some noise during the measurements in a large parking lot and the comparably large measurement distance of 10m.  

GJK

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Ivan Beaver

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Re: Cardioid Sub Array, Subwoofer Steering, OK I was wrong
« Reply #68 on: April 22, 2010, 07:52:14 am »

HarryBrillJr. wrote on Wed, 21 April 2010 22:45

I have yet to be convinced that ON Axis I should be looking for 3 or more dB less output from an End fire array than a 2x2 array of equal distance to the acoustic center of the array.  I do not care about total energy.  I only care that the maximum energy I can get out of that system is going in the direction I want it to go and not spraying all over the wall 15ft behind it.  .


If you wat to REALLY see what is happening-go outside and MEASURE it yourself-and see for yourself.  That is the ONLY way you will be convinced one way or the other.  All the theory and argument by people who have never done it is not gonna do it.

For what it is worth, the measurements I gave were for a 4 box setup.  I did not do 2 boxes, so the results may be different.

I agree, that what you should be concerned with is the output out front-where the people are.

But you need to take the measurements from the FRONT of the array- to see what is really happening.

In a real world concert situation, you will not be able to move the bass array forward into the crowd-so the effective front is in the same place-so the LISTENING distance is from the front of the array-not the acoustic center.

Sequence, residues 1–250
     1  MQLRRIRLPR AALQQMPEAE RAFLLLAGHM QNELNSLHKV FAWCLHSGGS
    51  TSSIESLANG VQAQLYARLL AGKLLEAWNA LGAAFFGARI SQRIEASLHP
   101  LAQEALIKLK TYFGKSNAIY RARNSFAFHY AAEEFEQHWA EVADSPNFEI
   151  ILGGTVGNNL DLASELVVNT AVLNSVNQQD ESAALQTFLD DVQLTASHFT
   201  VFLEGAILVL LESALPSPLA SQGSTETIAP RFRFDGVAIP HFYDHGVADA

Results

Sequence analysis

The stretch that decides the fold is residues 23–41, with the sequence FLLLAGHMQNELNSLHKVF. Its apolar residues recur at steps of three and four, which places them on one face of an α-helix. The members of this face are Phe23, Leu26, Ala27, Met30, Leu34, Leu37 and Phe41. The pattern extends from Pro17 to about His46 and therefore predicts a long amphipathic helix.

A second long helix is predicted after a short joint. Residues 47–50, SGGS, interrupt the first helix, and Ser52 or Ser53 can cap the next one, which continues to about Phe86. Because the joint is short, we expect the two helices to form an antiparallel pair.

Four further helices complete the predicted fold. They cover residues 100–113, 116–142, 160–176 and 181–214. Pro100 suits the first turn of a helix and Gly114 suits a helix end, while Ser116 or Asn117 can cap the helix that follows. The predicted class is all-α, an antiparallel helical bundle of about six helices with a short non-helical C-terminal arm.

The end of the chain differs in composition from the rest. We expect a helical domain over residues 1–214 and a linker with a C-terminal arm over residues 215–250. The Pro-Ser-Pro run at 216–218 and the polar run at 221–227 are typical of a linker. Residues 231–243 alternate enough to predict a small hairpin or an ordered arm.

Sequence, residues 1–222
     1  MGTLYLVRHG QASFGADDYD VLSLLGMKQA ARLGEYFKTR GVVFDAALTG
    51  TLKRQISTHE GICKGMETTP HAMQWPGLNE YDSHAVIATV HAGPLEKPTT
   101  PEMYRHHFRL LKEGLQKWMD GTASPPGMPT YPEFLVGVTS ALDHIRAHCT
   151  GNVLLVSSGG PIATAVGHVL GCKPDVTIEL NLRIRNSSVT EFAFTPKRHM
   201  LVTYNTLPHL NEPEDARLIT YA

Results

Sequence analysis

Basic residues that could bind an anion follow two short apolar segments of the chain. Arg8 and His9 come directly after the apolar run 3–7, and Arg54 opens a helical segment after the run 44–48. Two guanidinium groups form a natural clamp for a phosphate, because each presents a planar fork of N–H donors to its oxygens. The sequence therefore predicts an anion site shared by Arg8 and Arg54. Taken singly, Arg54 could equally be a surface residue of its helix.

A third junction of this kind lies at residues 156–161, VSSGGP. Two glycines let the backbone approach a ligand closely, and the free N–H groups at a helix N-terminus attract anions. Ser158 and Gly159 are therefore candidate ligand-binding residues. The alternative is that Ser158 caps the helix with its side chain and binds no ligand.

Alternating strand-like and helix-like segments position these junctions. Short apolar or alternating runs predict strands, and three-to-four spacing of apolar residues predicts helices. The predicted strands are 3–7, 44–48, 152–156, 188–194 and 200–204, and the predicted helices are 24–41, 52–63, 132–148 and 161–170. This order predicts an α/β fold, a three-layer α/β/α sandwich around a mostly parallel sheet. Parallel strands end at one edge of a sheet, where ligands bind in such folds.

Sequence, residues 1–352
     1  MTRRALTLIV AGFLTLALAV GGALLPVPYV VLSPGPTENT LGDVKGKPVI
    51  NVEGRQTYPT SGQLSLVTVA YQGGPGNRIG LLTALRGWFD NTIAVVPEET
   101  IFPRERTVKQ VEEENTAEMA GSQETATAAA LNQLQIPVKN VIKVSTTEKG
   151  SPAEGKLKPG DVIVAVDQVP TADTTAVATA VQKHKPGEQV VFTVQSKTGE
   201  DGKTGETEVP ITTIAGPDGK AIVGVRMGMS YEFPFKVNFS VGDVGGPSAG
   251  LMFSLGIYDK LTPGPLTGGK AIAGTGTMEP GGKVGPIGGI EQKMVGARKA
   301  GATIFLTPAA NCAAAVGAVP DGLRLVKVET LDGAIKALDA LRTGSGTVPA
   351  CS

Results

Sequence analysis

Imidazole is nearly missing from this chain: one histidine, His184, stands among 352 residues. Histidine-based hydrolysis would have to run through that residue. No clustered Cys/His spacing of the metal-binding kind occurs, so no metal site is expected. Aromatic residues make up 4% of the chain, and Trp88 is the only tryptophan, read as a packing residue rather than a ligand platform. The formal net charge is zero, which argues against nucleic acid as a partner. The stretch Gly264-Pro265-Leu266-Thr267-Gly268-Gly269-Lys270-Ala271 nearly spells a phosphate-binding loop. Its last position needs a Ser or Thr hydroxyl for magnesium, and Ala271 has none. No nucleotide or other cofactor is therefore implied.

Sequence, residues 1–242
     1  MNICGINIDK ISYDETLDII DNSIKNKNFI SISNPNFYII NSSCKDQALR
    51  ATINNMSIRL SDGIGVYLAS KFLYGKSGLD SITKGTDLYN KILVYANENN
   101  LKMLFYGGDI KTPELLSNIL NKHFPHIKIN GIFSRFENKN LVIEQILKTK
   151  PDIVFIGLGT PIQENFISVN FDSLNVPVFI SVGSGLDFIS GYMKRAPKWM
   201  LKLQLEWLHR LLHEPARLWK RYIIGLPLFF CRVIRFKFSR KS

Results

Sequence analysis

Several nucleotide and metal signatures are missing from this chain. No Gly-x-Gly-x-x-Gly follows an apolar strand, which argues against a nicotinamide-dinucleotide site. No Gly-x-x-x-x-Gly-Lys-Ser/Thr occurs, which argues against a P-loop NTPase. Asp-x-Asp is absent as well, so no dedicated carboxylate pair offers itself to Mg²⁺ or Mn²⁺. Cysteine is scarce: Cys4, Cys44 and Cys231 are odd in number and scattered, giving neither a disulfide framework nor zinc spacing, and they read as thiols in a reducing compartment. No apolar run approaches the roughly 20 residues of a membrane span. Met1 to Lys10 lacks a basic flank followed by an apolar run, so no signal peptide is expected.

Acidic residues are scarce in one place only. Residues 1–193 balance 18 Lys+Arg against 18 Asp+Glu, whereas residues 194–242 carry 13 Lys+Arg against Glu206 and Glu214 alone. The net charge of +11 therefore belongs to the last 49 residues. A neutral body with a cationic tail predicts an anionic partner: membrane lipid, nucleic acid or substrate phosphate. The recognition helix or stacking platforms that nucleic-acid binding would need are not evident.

Of course as you move far enough away the physical differences between the two will not matter.  BUT-if you don't measure at least a decent distance away (say a MINIMUM of 10M-that is whay I went about 20M away) then you are likely to get all sorts of data that is not entirely correct-or will translate into the real world experience for the majority of the audience.

And isn't that the whole purpose of measurement/alignment anyway? To translate what we measure into something that can also be perceived by our hearing?  Sure we can measure into all kinds of detail-but do our ears actually hear that?
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For every complicated question-there is a simple- easy to understand WRONG answer.

Can I have some more talent in the monitors--PLEASE?

Ivan Beaver
dB Audio & Video Inc.
Danley Sound Labs

Nick Hickman

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Re: Cardioid Sub Array, Subwoofer Steering, OK I was wrong
« Reply #69 on: April 22, 2010, 08:40:23 am »

Hi Harry,

HarryBrillJr. wrote on Thu, 22 April 2010 03:45

I have yet to be convinced that ON Axis I should be looking for 3 or more dB less output from an End fire array than a 2x2 array of equal distance to the acoustic center of the array.

Why would you expect that?  (I'm probably not paying sufficient attention to the thread!)  For a 2x2 array, I'd expect (in an ideal world) +12dB at low frequency relative to a single box.  For a four-deep end-fire array at any frequency, I'd expect +12dB on-axis.

Using the end-fire example posted by Bob (four boxes with 1m spacing and 2.9ms delay between boxes), simple superposition assuming omnidirectional sources gives this for far-field response:

http://100dB.com/misc/endfire.png

6dB per division.  Black=single box, green=2x2 array, others four-box end-fire: cyan=30Hz, yellow=40Hz, red=50Hz, magenta=60Hz, blue=70Hz.

Nick
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Re: Cardioid Sub Array, Subwoofer Steering, OK I was wrong
« Reply #69 on: April 22, 2010, 08:40:23 am »